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From chago <>
Subject Re: Javascript -> JmsReplyTo(TemporaryDestination) -> JSONP
Date Wed, 05 Sep 2007 03:34:02 GMT

northshorefiend wrote:
> Say you have a widget on a webpage. The user clicks 'send' and expects a
> 'synchronous' response.

As you probably know, amq.js initiates a long-poll using an AJAX GET
request. All JMS messages come down in this get pipeline, and it is always
on. This means that it is constantly connected to the server. When there is
data available or when a particular timeout value is reached, received data
(if any) is processed and the connection is reestablished. 

The script file also uses an AJAX POST request to execute JMS commands, such
as listen/unlisten to a topic or queue and send a JMS message. These
requests return immediately with no user-friendly data. So the sending of a
JMS message is asynchronous.

I have used a lot of request/response mechanisms and my favorite is DWR. I
looked at DWR 2.0 carefully when it came out, and it uses a long-poll
connection also. However, a method invocation still executes synchronously.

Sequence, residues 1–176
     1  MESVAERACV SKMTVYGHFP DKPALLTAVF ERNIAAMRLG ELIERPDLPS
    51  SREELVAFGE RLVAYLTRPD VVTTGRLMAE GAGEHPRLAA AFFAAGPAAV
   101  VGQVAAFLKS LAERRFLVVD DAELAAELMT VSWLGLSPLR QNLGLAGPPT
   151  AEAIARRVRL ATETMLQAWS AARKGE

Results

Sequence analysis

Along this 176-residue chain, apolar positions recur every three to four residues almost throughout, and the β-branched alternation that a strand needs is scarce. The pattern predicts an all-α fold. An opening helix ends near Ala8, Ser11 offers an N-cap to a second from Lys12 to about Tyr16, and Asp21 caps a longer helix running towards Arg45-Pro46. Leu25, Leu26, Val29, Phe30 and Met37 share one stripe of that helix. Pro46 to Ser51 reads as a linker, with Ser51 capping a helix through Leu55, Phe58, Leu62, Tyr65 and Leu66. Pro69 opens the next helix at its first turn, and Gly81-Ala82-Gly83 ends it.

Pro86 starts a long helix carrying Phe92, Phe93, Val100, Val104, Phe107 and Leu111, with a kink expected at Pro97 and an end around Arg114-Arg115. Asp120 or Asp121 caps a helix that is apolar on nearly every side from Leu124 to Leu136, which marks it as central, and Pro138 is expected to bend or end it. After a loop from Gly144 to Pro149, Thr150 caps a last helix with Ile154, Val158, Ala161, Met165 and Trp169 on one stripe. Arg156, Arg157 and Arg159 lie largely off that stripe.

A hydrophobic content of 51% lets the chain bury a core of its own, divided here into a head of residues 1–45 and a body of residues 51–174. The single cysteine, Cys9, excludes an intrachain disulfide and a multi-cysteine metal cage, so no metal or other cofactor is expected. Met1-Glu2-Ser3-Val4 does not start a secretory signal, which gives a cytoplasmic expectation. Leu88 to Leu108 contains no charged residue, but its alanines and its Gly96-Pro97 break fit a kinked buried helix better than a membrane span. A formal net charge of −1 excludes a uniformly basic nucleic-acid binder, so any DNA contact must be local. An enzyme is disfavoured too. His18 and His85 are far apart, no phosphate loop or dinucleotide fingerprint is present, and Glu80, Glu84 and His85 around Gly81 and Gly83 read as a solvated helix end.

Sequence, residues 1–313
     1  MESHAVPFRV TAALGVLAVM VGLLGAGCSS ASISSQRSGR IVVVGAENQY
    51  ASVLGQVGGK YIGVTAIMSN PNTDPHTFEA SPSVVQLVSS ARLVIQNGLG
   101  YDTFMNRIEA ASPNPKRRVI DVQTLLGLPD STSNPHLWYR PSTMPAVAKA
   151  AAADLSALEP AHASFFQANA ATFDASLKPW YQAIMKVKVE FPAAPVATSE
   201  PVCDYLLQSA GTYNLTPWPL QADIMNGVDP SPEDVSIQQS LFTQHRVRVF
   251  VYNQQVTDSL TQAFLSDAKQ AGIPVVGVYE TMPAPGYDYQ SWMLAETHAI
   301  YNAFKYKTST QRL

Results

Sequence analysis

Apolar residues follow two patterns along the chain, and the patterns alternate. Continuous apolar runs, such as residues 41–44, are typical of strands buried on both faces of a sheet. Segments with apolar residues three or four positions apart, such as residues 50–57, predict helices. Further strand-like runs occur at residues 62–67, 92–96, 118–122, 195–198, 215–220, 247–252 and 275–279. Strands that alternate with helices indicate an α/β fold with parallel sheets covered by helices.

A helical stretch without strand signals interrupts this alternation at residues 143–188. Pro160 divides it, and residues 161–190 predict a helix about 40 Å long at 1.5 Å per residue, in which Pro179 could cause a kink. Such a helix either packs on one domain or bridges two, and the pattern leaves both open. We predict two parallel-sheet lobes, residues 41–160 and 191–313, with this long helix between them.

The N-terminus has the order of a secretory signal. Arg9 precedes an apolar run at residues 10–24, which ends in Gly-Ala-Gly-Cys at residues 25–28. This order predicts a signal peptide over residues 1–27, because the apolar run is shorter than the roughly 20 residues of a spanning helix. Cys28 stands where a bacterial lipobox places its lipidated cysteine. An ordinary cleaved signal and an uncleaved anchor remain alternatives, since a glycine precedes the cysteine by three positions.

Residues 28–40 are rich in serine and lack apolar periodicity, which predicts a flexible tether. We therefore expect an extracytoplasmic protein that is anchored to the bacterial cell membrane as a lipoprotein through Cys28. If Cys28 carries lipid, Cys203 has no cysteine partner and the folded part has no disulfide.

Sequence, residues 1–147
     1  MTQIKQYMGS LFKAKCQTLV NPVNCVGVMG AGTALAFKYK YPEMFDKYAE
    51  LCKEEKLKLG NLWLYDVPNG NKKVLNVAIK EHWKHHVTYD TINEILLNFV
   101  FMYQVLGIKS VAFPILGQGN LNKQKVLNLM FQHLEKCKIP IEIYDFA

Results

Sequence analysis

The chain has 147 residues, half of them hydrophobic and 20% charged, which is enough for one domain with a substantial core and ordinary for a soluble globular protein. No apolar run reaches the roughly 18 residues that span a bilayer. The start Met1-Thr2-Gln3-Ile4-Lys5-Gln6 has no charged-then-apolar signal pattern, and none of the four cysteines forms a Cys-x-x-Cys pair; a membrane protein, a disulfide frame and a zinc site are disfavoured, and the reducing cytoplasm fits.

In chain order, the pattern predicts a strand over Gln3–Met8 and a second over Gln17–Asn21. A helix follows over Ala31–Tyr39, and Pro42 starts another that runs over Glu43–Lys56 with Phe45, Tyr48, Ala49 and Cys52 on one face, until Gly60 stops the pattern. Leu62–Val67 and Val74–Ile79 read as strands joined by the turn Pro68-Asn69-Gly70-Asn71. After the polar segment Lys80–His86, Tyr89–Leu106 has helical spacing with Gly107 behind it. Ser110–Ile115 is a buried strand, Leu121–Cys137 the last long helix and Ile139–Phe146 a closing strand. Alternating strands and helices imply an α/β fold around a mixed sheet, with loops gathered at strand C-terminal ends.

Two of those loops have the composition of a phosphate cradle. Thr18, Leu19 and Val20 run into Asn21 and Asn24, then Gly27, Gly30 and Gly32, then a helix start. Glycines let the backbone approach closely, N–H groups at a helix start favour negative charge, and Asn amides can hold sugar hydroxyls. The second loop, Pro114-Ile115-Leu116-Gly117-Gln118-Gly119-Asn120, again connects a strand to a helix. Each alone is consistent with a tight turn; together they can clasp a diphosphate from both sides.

This means that if you use reverse AJAX and issue a remote method call you
have used your two connections and you cannot process any more AJAX requests
until that POST returns.

I haven't written a full-fledged JMS application yet. The simple stock board
updates and chat applications are straight forward, but what about a full
blown business application or game? I envision one topic/queue or hundreds
depending on whether I want to remain modular or monolithic. I worry about
scale of a modular approach. I'm not sure if JMS is the answer when
decoupling is not so important, but I do believe that the amq.js approach to
web-based remoting has the capability to be the lowest latency approach to
the problem in a pure html/javascript world. Of course, AMF3 blows everyone
out of the water.
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